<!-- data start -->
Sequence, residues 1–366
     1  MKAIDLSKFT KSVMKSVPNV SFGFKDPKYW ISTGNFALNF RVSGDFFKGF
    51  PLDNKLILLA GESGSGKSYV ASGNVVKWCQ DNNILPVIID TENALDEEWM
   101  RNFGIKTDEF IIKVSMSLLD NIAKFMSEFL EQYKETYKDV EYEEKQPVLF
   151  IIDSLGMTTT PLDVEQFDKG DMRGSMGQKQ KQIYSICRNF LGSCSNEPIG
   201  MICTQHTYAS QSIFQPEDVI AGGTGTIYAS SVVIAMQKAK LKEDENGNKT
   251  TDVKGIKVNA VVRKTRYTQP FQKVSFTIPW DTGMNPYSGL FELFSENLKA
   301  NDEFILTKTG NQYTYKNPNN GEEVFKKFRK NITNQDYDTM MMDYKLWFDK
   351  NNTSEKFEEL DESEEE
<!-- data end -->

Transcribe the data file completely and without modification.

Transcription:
Sequence, residues 1–366
     1  MKAIDLSKFT KSVMKSVPNV SFGFKDPKYW ISTGNFALNF RVSGDFFKGF
    51  PLDNKLILLA GESGSGKSYV ASGNVVKWCQ DNNILPVIID TENALDEEWM
   101  RNFGIKTDEF IIKVSMSLLD NIAKFMSEFL EQYKETYKDV EYEEKQPVLF
   151  IIDSLGMTTT PLDVEQFDKG DMRGSMGQKQ KQIYSICRNF LGSCSNEPIG
   201  MICTQHTYAS QSIFQPEDVI AGGTGTIYAS SVVIAMQKAK LKEDENGNKT
   251  TDVKGIKVNA VVRKTRYTQP FQKVSFTIPW DTGMNPYSGL FELFSENLKA
   301  NDEFILTKTG NQYTYKNPNN GEEVFKKFRK NITNQDYDTM MMDYKLWFDK
   351  NNTSEKFEEL DESEEE